The only way this can happen, she argues, is by introducing voices that offer perspectives beyond the stock caricatures — and that applies to other underrepresented racial groups.
Population projections estimate that Asians, Māori and Pasifika people will account for more than half the Auckland population by 2038. If advertising agencies don't diversify — and quickly — they stand to become disconnected from the audiences they are hoping to reach, says Taylor.
"Life isn't just middle-age white males," says Taylor. "Maybe some would like it to be, but I doubt it. Our life is mixed with all sorts of people: races, cultures, sensibilities, ways of being brought up, points of view. That's fantastic and it's what makes New Zealand what it is today."
When the data from the Commercial Communications Council was released, fewer than a quarter of the agencies surveyed had a diversity policy — in other words, there was no formal plan to shift the status quo.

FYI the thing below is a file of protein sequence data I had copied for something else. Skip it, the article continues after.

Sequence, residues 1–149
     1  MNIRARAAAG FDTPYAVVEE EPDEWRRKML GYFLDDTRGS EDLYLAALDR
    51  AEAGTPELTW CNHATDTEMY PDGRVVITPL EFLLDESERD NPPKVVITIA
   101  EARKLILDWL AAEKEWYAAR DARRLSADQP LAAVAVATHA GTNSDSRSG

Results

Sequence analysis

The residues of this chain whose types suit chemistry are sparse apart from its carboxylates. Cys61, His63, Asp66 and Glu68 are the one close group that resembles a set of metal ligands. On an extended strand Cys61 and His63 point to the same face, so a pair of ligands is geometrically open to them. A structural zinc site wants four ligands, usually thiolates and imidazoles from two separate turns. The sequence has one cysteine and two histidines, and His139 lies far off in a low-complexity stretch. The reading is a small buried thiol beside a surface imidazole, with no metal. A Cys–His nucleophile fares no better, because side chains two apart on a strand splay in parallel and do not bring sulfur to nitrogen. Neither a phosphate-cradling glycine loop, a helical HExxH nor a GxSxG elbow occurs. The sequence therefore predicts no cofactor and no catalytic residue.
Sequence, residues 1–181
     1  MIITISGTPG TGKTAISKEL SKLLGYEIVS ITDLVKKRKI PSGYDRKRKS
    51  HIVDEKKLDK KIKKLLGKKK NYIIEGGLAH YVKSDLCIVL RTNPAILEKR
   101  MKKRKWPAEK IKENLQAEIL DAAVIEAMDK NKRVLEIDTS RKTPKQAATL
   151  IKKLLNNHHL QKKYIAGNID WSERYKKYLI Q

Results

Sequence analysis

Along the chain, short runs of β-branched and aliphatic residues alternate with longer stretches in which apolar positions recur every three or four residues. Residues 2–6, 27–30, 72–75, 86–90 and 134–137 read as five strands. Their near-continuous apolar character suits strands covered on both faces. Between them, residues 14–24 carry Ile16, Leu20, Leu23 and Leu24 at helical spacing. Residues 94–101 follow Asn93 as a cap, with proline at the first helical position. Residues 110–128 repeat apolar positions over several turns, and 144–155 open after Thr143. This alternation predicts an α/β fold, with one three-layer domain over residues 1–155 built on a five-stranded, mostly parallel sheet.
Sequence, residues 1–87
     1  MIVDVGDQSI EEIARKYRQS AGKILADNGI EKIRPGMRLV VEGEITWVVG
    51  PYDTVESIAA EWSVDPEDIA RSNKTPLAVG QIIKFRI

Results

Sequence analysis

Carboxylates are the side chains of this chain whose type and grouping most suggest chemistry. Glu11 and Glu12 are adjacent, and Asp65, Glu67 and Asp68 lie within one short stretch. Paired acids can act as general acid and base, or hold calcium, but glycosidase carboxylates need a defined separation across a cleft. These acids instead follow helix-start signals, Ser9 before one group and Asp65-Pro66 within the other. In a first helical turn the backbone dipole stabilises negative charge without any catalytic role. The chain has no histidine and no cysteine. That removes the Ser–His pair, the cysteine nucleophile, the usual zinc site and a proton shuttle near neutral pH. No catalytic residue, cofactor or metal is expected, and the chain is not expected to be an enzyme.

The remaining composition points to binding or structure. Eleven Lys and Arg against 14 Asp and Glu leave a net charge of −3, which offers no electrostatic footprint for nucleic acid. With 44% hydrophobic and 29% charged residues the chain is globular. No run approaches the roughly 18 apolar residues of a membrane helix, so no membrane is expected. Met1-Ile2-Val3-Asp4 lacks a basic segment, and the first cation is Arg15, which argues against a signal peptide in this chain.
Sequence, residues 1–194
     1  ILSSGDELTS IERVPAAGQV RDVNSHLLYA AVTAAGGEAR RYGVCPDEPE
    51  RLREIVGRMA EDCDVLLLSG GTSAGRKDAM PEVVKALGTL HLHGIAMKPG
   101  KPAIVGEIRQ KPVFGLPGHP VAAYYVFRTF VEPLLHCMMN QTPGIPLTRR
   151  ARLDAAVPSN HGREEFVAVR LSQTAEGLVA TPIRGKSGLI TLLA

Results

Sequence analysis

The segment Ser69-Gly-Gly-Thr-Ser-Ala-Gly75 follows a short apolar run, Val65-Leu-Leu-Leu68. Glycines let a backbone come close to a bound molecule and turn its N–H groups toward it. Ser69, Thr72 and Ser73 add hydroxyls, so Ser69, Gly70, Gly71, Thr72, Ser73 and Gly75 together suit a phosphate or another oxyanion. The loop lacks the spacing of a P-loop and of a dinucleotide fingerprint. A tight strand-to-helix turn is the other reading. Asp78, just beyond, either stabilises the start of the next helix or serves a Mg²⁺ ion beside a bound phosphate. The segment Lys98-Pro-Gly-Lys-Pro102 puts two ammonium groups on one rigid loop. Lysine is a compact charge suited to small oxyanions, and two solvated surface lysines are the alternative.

To fix that, the Comms Council, under the leadership of chairwoman Louise Bond and chief executive Paul Head, set an objective for all members to establish and put into effect a diversity policy by the end of this year.
Head says that while the council had been concerned about diversity for some years, the final catalyst was when Saatchi & Saatchi executive Kevin Roberts was slammed across the world for claiming that the gender debate was over and that women simply don't have "vertical ambition".